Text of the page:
Article first published in the Sunday News.
The siren rings. It is time for the Literature lessons.
Young Thamsanqa has been struggling to study the texts which Mr Mguni, his subject teacher, has been pushing their class to study in good time before the final exams.
The struggle Thamsanqa has is not new — in all honesty, it might be a problem every student has faced. Some of the texts are long and somewhat strenuous to read. Some of the cultural contexts are hard to figure out because of the obvious differences entrenched in the setting of the book, vis-à-vis the student’s setting in modern day Zimbabwe.
Then in steps the Live Literature programme at the Intwasa Arts Festival. Having run shows since 2010, its aim has always been best summarised by its driving philosophy that “plays were never meant to be just read and studied in the classroom but were meant to be performed live on stage”.
This year’s offering saw four high schools text being performed by the cast which comprised of young and vibrant actors and actresses from Centre for Talent Development.
The Colour of Hope — This is an A-level set-book written by Taban lo Liyong. It was written as a partial response to the disturbances that followed the Kenyan general elections of 2007. In this play culture is put to the microscope. This is an inspiring and unflattering literary commentary of post-colonial Africa at the dawn of the 21st century.
Master Harold and the Boys (O-level set-book) One of Athol Fugard’s masterpieces, the play takes place in South Africa during the Apartheid Era and depicts how institutionalised racism, bigotry or hate become absorbed by those who live under it.
The Sun Will Rise Again. (O-level set-book) The play is an adaptation of George Mujajati’s novel of the same name. The play looks at economic and moral decay as well as the frustrations and betrayals that came with independence.
Dancing in the Dust. (A-level set-book) Another adaption from the novel of the same name by Kagiso Lesego Molope. Set is in the 1980s during the time of school boycotts, stay-aways, bloody police crackdowns and hippos in the streets. A gripping tale about the struggle for freedom seen through the eyes a young girl.
In 2015 alone about 3 000 O and A-level students from schools as far as Plumtree, Lupane and Filabusi thronged Bulawayo Theatre to watch live stage performances of various literature set-books by this group of amazing actors. This year’s offering was no different with the Bulawayo theatre being filled to capacity — with pupils even sitting on the steps and other shows re-running back to back as the demand was great.
“This was really beneficial for me because I saw the text come to life and saw some things that I had not actually envisaged.
This is my second time at the project and I really think it must be something that continues for the benefit of other students in the future,” said Sithembile Dludla who is in Form 4 at Solusi High School after they watched an adaptation of George Mujajati’s The Sun Will Rise Again.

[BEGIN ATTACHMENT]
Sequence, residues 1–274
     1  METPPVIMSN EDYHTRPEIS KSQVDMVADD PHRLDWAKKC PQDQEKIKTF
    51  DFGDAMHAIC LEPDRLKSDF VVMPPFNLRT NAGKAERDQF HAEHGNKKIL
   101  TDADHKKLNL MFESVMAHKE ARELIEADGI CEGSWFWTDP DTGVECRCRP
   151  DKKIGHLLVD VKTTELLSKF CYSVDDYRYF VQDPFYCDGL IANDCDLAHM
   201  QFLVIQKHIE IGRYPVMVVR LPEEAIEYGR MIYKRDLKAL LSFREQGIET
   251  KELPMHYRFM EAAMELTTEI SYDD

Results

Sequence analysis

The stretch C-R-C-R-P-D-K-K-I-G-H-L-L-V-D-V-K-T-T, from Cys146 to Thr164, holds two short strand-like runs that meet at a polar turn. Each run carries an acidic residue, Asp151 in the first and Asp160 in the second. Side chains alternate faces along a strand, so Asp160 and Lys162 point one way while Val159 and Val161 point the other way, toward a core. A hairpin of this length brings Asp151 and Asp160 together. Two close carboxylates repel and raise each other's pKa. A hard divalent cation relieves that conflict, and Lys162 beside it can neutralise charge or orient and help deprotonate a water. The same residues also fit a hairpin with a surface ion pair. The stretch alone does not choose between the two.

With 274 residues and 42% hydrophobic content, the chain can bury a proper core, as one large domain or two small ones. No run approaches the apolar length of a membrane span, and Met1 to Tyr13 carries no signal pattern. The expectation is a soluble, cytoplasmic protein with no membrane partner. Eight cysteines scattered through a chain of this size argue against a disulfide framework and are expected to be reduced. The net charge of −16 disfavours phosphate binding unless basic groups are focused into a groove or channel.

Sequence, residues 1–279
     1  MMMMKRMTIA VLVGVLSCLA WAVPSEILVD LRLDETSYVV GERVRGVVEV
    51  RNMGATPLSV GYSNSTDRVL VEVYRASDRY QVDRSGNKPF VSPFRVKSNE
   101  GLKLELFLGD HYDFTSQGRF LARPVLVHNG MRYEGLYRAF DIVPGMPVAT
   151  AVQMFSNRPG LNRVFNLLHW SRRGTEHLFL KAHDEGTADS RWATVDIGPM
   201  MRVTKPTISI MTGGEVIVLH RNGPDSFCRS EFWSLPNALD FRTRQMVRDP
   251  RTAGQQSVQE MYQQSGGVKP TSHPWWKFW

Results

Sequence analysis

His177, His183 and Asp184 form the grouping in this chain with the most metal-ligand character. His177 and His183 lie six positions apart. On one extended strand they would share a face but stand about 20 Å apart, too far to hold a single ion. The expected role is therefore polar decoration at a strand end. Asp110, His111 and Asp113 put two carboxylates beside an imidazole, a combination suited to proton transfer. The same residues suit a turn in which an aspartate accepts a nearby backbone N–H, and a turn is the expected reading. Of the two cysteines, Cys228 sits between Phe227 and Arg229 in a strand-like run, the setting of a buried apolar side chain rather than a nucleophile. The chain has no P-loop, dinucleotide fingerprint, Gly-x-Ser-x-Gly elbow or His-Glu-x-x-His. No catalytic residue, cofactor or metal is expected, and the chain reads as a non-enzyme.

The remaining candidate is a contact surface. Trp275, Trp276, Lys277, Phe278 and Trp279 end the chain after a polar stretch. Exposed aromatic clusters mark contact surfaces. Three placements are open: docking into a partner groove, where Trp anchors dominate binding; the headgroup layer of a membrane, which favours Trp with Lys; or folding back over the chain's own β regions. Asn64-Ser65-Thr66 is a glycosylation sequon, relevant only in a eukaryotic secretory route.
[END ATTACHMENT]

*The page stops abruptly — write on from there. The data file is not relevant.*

“Some are slow-readers and learners so this is pretty helpful. It helps with sticking in the mind,” she said.
Another Solusi pupil, Mary-rose Muchemwa hailed the acting and with enthusiastic eyes, she expressed how helpful watching the novel enacted on stage was.
“The actors were so good — they make it so real and the message of the novel was well presented. I think it will be easier to recall and make more sense of the text,” she noted.
Like most high school pupils, the shear thought of reading through two or three texts was as arduous as anything could be. Michael Munkuli and Caroline Ndlovu from Njube High School were ecstatic.
“I enjoyed the play. The confidence of the actors, the light-heartedness they protruded and the overall presentation was awesome. I will be able to recall the novel once I get into the exam room. I also just want to encourage the organisers to continue and be this helpful to other people too. It’s a great thing we have here,” he said heartedly.
Caroline said, “The way things were done was just enjoyable — they clearly painted the picture for what is in the novel. I however, would have loved some scenes they skipped to be shown — I think some of them were good and could be demonstrated.”
Speaking on the sidelines of the lively event, the director of the festival, Raisedon Baya said the idea of the project was to make the play enjoyable which will make it more understandable when they go back into the classroom.
“We seek to make it possible for the kids to understand the story — the mood, the visuals and the context of the story — all these made it better. With adaptations in particular, my advantage is that I am a former teacher and also did a course in Adaptation — so that’s what we used in selecting what to include and what to not. Although teachers would want us to focus more on the discussions, we are more about them enjoying — books are written to be enjoyed primarily,” he said.